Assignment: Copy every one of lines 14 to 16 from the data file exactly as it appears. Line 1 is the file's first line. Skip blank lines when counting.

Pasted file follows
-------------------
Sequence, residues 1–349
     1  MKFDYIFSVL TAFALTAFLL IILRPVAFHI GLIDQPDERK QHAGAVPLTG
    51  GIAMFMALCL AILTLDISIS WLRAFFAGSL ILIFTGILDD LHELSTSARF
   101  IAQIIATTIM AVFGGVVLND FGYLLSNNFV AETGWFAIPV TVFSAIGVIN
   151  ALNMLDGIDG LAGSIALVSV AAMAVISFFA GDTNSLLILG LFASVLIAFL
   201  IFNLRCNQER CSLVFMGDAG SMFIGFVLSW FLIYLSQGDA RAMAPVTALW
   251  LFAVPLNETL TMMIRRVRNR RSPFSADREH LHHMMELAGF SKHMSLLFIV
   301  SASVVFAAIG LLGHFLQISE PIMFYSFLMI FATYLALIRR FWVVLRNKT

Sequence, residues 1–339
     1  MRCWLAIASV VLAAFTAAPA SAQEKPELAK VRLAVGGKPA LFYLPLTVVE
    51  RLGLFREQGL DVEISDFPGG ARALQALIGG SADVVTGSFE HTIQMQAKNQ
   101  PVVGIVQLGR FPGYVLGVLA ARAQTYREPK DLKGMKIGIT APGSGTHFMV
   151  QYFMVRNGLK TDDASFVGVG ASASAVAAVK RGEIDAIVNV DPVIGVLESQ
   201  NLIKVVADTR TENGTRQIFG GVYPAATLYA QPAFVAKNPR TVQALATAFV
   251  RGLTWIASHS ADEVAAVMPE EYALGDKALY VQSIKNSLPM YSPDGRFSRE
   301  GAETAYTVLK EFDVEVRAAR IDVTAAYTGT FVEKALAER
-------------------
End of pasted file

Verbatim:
   201  NLIKVVADTR TENGTRQIFG GVYPAATLYA QPAFVAKNPR TVQALATAFV
   251  RGLTWIASHS ADEVAAVMPE EYALGDKALY VQSIKNSLPM YSPDGRFSRE
   301  GAETAYTVLK EFDVEVRAAR IDVTAAYTGT FVEKALAER